Sallie Mae Executives Celebrate in Hawaii as Americans Are Crippled By Student Loan Debt

As Americans across the country struggle to pay off their student loan debts—a whopping $1.6 trillion nationally—often working multiple jobs and sometimes declaring bankruptcy to protect what little assets they have left, the people authorizing those loans at one of the largest lending companies in the United States, Sallie Mae, are getting rewarded with a free trip to Maui.

Originally reported by NBC Nightly News with Lester Holt, Sallie Mae flew 100 employees to Hawaii in August for a little fun in the sun to celebrate the $5 billion in student loans they sold to more than 370,000 people. Meanwhile, of the nearly 45 million Americans who have some kind of student debt, according to Forbes magazine, many struggle to pay back the loans because of alleged suspicious lending practices (like engaging in subprime lending practices and authorizing loans to people who likely cannot pay them back) on behalf of lenders like Sallie Mae.

Sallie Mae Executives Celebrate in Hawaii as Americans Are Crippled By Student Loan Debt
Sallie Mae CEO Ray Quinlan insisted the trip wasn't an "incentive trip," just a "nice spot." Getty Images / iStock / Larry Conner

Paige McDaniel, 39, described to NBC News the reaction she received from Navient—a lending company created as an off-shoot from Sallie Mae in 2014 (yet financially a separate independent company from Sallie Mae)—when she was hit with a $1,500 a month bill for the $120,000 loan she took out to get her Master's degree.

"When I told them that, you know, I couldn't afford that, could we make some payment arrangements, they essentially said, 'So sorry, we'll put a lien on your house and garnish your wages if you don't make those payments,'" McDaniel told NBC News.

Navient says McDaniel now owes the company $304,000.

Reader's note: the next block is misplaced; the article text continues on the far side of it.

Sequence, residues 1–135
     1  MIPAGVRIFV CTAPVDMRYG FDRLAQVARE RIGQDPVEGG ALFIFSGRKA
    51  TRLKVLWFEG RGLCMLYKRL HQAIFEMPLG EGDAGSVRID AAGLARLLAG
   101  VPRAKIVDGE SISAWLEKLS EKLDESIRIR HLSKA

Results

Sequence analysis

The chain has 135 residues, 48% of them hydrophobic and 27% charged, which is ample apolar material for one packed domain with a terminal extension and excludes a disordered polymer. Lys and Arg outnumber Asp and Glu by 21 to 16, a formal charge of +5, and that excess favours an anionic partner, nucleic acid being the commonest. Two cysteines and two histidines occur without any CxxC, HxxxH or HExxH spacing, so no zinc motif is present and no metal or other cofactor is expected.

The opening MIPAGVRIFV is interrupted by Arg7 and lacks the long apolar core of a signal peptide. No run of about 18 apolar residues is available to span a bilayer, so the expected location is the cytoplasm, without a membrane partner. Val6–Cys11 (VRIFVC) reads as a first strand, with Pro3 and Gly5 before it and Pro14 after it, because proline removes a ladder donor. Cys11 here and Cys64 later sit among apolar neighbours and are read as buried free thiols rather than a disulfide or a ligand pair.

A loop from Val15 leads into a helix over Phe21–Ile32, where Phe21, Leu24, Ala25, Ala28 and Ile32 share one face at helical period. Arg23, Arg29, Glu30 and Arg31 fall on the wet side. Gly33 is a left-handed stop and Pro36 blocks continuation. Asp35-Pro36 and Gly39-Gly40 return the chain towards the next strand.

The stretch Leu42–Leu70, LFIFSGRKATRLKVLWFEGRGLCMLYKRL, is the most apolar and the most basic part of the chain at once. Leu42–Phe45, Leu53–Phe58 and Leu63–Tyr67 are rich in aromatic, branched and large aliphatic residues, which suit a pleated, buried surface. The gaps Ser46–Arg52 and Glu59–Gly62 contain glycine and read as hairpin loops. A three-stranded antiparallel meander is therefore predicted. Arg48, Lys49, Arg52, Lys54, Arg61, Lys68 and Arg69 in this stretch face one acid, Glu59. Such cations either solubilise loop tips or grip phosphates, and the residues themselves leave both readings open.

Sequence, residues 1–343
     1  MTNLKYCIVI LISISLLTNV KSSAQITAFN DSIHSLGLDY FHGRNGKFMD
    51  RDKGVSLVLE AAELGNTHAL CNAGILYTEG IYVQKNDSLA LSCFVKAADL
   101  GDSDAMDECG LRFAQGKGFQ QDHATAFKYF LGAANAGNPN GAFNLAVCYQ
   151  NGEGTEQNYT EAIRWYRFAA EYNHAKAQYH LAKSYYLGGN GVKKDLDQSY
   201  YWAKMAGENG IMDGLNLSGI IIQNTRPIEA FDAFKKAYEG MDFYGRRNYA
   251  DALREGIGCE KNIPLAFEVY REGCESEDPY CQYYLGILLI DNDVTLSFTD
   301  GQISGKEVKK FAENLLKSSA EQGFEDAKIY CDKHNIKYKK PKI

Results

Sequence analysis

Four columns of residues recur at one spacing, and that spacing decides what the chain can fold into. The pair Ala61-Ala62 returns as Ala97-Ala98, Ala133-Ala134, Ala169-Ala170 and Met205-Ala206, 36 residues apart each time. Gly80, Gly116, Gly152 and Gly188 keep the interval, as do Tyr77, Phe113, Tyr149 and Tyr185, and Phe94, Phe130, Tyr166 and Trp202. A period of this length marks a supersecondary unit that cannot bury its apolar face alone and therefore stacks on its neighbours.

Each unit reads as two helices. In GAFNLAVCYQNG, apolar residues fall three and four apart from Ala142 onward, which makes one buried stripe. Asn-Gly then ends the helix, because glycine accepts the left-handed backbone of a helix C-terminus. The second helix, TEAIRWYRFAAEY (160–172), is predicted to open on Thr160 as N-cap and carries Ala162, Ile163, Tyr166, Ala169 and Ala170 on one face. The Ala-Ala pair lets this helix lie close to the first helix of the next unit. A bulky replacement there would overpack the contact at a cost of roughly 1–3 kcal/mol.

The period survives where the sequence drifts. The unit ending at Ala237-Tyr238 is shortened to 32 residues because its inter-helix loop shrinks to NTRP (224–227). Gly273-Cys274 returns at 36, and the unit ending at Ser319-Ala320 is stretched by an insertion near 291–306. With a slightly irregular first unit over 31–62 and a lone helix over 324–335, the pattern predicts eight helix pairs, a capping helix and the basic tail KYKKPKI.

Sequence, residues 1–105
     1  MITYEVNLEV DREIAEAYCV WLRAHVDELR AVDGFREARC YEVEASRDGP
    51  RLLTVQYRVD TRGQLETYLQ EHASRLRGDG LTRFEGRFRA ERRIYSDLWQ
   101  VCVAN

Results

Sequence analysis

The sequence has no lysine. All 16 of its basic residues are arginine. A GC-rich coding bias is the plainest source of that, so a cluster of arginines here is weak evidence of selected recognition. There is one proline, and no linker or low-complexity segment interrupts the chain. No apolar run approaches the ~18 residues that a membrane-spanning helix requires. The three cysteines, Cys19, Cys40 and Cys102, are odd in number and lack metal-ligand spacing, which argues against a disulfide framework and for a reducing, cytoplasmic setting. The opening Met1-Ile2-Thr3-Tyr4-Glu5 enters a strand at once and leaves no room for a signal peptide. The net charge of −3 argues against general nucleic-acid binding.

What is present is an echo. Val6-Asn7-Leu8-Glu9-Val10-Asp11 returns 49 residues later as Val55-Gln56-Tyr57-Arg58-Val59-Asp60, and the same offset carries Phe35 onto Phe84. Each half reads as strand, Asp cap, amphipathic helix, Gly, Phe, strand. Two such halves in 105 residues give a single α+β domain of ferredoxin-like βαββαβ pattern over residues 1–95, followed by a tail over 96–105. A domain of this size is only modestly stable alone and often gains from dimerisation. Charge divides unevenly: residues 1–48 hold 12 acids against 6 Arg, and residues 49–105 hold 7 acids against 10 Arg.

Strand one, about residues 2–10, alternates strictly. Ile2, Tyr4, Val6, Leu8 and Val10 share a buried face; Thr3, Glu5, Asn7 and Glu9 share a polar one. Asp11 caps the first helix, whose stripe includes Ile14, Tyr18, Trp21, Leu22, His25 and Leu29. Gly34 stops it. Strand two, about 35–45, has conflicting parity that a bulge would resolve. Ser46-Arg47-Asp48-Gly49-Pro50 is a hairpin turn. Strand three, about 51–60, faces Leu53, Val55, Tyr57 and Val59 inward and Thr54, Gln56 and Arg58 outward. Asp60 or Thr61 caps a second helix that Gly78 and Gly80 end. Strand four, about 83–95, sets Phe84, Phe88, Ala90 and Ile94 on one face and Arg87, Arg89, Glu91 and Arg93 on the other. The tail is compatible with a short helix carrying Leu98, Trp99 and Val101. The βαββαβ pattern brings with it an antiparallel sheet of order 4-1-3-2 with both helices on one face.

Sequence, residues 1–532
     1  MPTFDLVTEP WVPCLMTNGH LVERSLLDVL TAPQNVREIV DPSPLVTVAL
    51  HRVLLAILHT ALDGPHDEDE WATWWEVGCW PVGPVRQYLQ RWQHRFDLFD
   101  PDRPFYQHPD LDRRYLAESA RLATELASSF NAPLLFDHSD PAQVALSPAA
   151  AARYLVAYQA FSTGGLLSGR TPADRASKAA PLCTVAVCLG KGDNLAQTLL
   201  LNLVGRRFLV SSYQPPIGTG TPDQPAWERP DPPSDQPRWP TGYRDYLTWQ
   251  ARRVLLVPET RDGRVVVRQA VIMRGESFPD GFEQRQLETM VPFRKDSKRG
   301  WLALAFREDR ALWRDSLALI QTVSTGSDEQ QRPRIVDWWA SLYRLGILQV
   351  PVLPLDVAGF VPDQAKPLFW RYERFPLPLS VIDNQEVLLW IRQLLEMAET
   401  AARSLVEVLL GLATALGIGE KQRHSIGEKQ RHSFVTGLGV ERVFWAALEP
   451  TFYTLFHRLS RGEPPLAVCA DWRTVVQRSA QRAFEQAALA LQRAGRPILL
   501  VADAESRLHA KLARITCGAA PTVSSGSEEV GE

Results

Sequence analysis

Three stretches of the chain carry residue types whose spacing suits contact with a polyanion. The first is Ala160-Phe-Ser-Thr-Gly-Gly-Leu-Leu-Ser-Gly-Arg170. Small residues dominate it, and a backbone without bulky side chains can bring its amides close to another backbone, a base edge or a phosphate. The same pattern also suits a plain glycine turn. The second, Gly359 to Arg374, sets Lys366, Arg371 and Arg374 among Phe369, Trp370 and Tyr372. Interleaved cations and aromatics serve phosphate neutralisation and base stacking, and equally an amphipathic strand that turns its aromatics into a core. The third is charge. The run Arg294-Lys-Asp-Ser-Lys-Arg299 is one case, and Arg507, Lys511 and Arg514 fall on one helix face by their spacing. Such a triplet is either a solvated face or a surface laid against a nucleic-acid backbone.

"There's no way anybody can ever dig themselves out from underneath that," said McDaniel. "They just don't see that there are families on the other side of this."

As the cost of college soars, the nation's largest private student loan company is celebrating a record year of lending. @CatieBeckNBC reports tonight from Maui, where a group of Sallie Mae employees were treated to 5-day trip.

Watch this story on @NBCNightlyNews.

— NBC Nightly News with Lester Holt (@NBCNightlyNews) October 17, 2019

But while McDaniel has been forced to declare bankruptcy, Sallie Mae CEO Ray Quinlan was in Hawaii, telling NBC News the company picked the get together in Maui because it was a "nice spot."

"We said, 'Hey, look, Maui is a pretty nice spot,'" Quinlan told NBC News.

But it's not all work and no play for the employees. Quinlan said it was not an "incentive trip" and that while employees had the option of bringing their families along, it had to be on their own dime.

"If you wanted to stay a few days or want to bring family, that's up to you," Quinlan told NBC News.

Users on Twitter were still perplexed, some even shared their own stories of struggling to get out from under the debt.

Really disappointing to see as I struggle monthly to pay my girls college loans while working full time and part time jobs!

— Jami lapp (@JamiLapp) October 17, 2019

So glad I could buy them tickets to Maui. They should be in jail.

— SOLAR PANEL BORDER WALL (@StratusOwner) October 17, 2019

This should be treated as predatory lending. Our youth is vigorously encouraged (brainwashed) to pursue higher education degrees to earn higher income and make something of themselves. Many have no alternative other than these loans and the lenders are all to eager to ensnare.

— Chuck (@woodchuck1961) October 17, 2019

Anyone with Sallie Mae will tell you they’re akin to loan sharks.

— Still I Rise (@dragonnotmaiden) October 17, 2019

The issue of student loan debt has quickly become a hot issue on the 2020 presidential campaign trail, with senators Bernie Sanders and Elizabeth Warren both making student loan forgiveness a cornerstone of their campaign.

"The student debt crisis is real and it's crushing millions of people—especially people of color," Warren said in a statement to Forbes magazine in June. "It's time to decide: Are we going to be a country that only helps the rich and powerful get richer and more powerful, or are we going to be a country that invests in its future?"

A report from the non-profit research group the Urban Institute estimates that by 2023, 40 percent of people with student loan debt will default on their payments.

But for people like McDaniel, it's not just her debt she's worried about, it's how she's going to pay for her children's education.

"It's not just my generation cause I have the loans, it affects my children," McDaniel told NBC News. "How am I going to send them to college?"

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